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Climate Change Contacts

Pacific Southwest, Region 9

Serving: Arizona, California, Hawaii, Nevada, Pacific Islands, Tribal Nations

Clean Energy & Climate Change
— Adaptation

Image of the cover of the National Water Program 2012 Strategy: Response to Climate Change

National Water Program 2012 Strategy: Response to Climate Change
The Strategy sets out long-term goals and specific actions that are EPA's contributions to national efforts to prepare for, and build resilience to, the impacts of a changing climate on water resources.

Image of the cover of Climate Change Handbook for Regional Water Planning

Climate Change Handbook for Regional Water Planning Exiting EPA (disclaimer)

This new guide provides a framework for considering climate change in water management planning and was jointly prepared by the EPA, Calif. Department of Water Resources, Resources Legacy Fund, and the Corps of Engineers.


Adaptation is the way that we minimize damage and loss that could result from climate change by reducing the vulnerability of our natural and human systems.

In some places, governments are already engaged in significant adaptation actions. For example, low-lying islands, like those in Kiribati, Exiting EPA (disclaimer) have population relocation programs underway, as negotiated under the United Nations Framework Convention on Climate Change. Exiting EPA (disclaimer)

Many governments are now at the planning stage on adaptation strategies, considering climate change impacts for new infrastructure, building higher seawalls, planning for water shortages due to drought, and considering how to react to more rain and snow due to stronger storms.

Even if we are able to reduce greenhouse gas emissions, many climate change effects will last for years to come. Adaptation is an important part of managing these impacts. The social and economic costs of adaptation to climate change will be substantial, especially in economically disadvantaged areas.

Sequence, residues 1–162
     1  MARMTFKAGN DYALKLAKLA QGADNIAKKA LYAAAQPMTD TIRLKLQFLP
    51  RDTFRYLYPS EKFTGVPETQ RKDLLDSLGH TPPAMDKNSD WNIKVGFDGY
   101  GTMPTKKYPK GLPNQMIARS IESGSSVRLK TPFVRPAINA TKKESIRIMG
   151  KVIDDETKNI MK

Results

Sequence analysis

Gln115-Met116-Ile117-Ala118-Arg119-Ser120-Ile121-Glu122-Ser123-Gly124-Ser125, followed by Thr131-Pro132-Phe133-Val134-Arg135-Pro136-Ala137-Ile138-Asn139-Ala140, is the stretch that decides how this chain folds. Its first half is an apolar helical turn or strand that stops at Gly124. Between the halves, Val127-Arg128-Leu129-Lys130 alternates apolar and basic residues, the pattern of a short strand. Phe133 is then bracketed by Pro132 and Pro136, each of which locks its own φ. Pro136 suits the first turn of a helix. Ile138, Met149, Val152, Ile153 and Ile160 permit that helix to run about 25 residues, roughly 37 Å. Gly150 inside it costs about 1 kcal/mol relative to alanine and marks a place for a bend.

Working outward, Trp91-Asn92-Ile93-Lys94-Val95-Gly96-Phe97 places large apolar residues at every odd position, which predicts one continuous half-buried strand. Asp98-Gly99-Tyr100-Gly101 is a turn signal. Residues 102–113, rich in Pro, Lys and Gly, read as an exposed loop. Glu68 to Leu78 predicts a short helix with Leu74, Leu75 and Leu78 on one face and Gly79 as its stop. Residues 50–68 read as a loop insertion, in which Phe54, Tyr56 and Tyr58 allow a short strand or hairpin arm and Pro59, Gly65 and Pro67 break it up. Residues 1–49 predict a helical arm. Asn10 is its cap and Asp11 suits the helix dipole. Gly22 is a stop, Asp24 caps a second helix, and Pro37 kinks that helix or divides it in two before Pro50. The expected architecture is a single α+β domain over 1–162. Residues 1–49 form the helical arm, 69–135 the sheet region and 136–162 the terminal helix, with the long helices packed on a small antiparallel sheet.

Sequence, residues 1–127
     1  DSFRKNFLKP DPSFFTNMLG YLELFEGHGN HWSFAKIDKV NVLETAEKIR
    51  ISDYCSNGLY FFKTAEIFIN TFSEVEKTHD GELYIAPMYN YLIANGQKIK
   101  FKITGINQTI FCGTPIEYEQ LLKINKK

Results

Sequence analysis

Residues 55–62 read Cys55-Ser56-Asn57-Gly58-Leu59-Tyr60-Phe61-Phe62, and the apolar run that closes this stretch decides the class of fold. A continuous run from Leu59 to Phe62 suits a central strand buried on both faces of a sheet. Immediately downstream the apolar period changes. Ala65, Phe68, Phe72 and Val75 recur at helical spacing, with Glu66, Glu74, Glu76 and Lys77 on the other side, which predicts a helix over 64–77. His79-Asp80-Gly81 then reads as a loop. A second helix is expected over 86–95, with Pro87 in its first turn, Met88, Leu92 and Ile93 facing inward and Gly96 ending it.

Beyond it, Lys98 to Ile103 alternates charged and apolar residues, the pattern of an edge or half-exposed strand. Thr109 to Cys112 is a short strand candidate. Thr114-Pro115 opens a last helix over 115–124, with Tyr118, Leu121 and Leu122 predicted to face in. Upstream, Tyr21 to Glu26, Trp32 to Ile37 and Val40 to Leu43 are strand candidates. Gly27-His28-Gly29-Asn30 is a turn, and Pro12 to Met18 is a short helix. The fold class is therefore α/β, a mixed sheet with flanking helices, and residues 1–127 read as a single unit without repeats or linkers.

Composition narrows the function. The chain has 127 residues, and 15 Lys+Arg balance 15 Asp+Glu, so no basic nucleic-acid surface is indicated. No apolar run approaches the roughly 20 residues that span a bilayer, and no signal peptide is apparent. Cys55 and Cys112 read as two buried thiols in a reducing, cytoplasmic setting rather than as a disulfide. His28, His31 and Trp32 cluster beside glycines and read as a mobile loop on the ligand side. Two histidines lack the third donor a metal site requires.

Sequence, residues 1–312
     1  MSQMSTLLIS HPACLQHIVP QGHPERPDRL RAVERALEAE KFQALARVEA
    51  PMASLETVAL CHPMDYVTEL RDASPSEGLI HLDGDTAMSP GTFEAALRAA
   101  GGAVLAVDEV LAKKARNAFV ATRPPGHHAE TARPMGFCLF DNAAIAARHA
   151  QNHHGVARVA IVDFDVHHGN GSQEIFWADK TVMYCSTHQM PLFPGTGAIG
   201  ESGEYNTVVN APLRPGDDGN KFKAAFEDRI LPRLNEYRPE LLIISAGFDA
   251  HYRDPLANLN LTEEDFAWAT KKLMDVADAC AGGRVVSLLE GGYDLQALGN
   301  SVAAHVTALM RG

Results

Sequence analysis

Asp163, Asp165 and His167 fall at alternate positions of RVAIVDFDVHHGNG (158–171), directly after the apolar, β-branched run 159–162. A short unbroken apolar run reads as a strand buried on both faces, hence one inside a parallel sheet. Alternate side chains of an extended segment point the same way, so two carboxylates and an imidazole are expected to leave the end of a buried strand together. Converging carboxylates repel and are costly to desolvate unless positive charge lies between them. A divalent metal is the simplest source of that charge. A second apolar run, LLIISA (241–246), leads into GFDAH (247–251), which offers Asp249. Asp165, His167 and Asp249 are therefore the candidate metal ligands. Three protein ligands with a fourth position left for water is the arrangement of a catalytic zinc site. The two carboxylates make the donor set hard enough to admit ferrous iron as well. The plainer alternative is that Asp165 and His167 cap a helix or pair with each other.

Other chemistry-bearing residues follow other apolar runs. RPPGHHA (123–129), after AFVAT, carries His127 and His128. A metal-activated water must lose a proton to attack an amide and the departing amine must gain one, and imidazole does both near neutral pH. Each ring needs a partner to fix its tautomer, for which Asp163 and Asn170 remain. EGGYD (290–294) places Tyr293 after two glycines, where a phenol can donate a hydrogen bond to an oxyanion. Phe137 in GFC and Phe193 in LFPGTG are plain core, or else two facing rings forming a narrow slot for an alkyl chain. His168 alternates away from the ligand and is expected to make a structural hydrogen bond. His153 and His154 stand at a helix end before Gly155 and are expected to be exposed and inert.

State Adaptation Activities

California's current adaptation strategy Exiting EPA (disclaimer) outlines a plan for managing a variety of climate change impacts, establishing working groups to review decisions ranging from species protection to wildfire to water supply management.

The Bay Area Ecosystems Climate Change Consortium Exiting EPA (disclaimer) brings together natural resource managers, scientists and others to collaboratively understand and reduce the negative impacts of climate change on Bay Area ecosystems and communities. In addition, the San Francisco Bay Conservation and Development Commission Exiting EPA (disclaimer) is partnering with the National Oceanic and Atmospheric Administration, Coastal Services Center Exiting EPA (disclaimer) to work with Bay Area communities to begin planning for sea level rise. For Example, the Adapting to Rising Tides (ART) Exiting EPA (disclaimer) project brought community members together with local and state officials, to better understand how sea level rise and other climate change impacts will affect the Bay Area's ecosystems, infrastructure, and economy.

Hawaii's Coastal Zone Management Program Exiting EPA (disclaimer) is also building a comprehensive approach to climate change adaptation in the state.

Additional Resources

All links in this section exit EPA. Exiting EPA (disclaimer)

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